IT’S like the story about the traveller who wants directions to be told by the village worthy, “Och, if you’re going there, I wouldna start fae here.”

Certainly, it wasn’t optimal to begin with a Remain Prime Minister who took an obtuse view of what Leave voters wanted (it wasn’t an end to immigration), triggered Article 50 before considering whether a hard Brexit or some middle way – Norway minus, Canada plus, or some modified Efta or EEA position – would be better, pointlessly threw away a parliamentary majority, then took two years to come up with a plan the Cabinet could agree on, to discover immediately that two of them couldn’t.

Still, they were only the Brexit Secretary and the Foreign Secretary, who may have reached their decisions because Theresa May treated them as peripheral. Despite his letter, David Davis’s resignation came not because the Chequers proposals crossed his “red lines” by much, but because he was cut out of a say in them.

Instead, Mrs May entrusted her plan to a civil servant, Olly Robbins, her Europe Advisor and former Permanent Secretary at the Department for Exiting the EU, essentially sidelining her minister. That shows such bad judgment that it should be (and may soon be) grounds for a challenge to her leadership.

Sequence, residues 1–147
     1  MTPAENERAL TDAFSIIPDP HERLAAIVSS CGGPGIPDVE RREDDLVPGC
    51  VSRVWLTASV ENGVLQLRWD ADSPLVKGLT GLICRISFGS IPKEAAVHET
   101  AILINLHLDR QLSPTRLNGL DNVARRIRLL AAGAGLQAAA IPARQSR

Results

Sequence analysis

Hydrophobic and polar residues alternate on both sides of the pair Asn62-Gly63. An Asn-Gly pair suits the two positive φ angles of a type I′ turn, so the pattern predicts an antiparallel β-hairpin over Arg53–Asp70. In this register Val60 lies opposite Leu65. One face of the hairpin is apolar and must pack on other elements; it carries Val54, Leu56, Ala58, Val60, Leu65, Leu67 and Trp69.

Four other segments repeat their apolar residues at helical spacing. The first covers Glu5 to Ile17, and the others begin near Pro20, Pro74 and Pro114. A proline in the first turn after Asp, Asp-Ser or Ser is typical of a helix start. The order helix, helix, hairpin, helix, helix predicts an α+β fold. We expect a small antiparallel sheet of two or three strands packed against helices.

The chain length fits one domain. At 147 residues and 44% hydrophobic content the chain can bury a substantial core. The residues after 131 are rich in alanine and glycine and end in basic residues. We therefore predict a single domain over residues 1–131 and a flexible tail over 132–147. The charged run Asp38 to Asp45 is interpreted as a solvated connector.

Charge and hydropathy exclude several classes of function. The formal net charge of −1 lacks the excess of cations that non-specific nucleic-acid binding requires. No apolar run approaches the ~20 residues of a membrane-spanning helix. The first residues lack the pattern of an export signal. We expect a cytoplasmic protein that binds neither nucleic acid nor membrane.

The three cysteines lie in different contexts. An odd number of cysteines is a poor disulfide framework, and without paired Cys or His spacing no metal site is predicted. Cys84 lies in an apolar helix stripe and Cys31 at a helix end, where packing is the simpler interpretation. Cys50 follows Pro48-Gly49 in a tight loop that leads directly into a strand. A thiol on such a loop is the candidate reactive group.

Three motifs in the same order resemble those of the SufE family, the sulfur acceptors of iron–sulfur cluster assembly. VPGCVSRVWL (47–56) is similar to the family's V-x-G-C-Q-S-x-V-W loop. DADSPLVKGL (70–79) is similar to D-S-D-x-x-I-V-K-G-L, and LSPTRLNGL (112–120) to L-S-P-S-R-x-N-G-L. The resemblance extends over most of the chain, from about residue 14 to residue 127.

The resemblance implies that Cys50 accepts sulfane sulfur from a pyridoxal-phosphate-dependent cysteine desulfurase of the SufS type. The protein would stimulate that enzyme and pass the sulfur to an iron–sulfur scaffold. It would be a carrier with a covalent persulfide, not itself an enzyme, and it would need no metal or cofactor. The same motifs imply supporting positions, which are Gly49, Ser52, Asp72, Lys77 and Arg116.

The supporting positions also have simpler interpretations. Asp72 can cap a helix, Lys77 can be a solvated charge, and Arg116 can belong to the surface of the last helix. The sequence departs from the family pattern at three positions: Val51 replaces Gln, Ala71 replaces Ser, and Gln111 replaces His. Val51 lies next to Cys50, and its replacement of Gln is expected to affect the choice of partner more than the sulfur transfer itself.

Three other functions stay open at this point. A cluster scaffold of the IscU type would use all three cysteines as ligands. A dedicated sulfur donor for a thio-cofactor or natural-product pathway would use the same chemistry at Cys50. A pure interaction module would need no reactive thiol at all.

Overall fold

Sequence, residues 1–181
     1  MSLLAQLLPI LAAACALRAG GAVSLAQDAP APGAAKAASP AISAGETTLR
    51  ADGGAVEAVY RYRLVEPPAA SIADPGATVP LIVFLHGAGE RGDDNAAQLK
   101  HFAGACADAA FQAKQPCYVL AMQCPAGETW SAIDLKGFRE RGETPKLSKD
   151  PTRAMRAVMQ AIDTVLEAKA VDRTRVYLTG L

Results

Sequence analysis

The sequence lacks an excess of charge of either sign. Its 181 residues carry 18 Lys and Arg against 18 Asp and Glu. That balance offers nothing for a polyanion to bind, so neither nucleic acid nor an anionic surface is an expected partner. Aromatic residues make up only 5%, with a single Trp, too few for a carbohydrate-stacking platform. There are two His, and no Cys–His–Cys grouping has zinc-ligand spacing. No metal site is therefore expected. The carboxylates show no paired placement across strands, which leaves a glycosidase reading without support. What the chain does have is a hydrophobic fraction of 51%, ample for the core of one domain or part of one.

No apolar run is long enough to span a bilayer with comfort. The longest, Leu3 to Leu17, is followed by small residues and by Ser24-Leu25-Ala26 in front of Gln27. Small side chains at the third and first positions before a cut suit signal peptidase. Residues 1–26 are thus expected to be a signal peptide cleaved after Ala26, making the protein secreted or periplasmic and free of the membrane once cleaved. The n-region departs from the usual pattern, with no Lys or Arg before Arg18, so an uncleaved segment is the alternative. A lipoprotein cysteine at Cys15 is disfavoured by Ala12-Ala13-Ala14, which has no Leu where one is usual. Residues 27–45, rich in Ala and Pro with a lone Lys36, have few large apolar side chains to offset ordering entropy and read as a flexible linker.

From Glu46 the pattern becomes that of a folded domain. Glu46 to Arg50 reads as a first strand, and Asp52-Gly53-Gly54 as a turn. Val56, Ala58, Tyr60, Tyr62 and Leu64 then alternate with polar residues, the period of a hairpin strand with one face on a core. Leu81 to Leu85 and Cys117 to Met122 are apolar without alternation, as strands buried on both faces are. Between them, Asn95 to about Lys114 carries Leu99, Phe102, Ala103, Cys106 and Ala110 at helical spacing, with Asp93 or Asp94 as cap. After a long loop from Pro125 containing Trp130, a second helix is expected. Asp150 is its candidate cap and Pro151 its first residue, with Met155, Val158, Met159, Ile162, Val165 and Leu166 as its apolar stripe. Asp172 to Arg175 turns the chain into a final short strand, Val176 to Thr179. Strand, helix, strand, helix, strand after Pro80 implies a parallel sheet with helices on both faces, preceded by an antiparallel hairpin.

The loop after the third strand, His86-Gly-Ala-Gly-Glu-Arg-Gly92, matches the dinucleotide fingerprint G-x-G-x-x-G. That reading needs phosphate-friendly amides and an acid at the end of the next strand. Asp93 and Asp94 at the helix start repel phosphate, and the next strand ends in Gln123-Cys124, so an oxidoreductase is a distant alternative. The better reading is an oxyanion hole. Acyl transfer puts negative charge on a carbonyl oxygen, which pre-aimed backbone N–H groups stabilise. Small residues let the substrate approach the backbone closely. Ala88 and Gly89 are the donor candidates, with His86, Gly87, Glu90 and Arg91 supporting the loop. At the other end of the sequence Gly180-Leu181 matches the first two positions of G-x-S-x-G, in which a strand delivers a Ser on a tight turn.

Cue Boris. The fact that the Foreign Secretary’s departure was, apparently, announced by Number 10 yesterday afternoon while he was still writing his resignation letter corresponds with my memories of waiting around for his column to arrive, so that I could edit it. My personal experience doesn’t enable me, alas, to divine the exact rationale for his leaving, though I suspect that the future of Boris Johnson figures large in it.

At any rate, here is where we are now, though the problem is partly the other way round. The Brexit referendum determined where the UK wanted to go from, but not its destination, beyond the cheery expectation that it would be broad sunlit uplands where democracy and prosperity would flower unchecked.

This is true even for those who voted Remain. That was no more a vote for the status quo than “Leave” determined which form of Brexit we would get: the EU is, by its own definition, an evolving project of “ever closer union” with – as we’re now constantly told – strict insistence on certain fundamentals.

The fact that there are observably everywhere exceptions to these unbreachable principles is either one of those mysteries, like “man is born free but everywhere in chains”, or indicates that the statement was nonsense to start with, like “sheep are born carnivorous but everywhere eat grass”.

But let’s assume “Brexit means Brexit”, whatever that means, and consider the possible destinations. Some people argue for a leaving which amounts to staying, like my mother when she says “Goodbye” on the telephone and then embarks on a two-hour account of what the rest of the family has been up to for the last month. One suspects that, for example, Anna Soubry and Sir Keir Starmer have this in mind when they talk of respecting the vote while staying in the Customs Union, Single Market, ECJ, CAP, CFP, Eurodac, Enisa, Eurojust, Uncle Euratom Cobley and Europol.